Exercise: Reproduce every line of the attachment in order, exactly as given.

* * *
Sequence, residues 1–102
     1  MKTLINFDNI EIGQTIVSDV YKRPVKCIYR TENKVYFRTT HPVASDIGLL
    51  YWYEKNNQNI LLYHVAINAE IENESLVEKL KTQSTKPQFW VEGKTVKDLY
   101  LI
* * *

Sequence, residues 1–102
     1  MKTLINFDNI EIGQTIVSDV YKRPVKCIYR TENKVYFRTT HPVASDIGLL
    51  YWYEKNNQNI LLYHVAINAE IENESLVEKL KTQSTKPQFW VEGKTVKDLY
   101  LI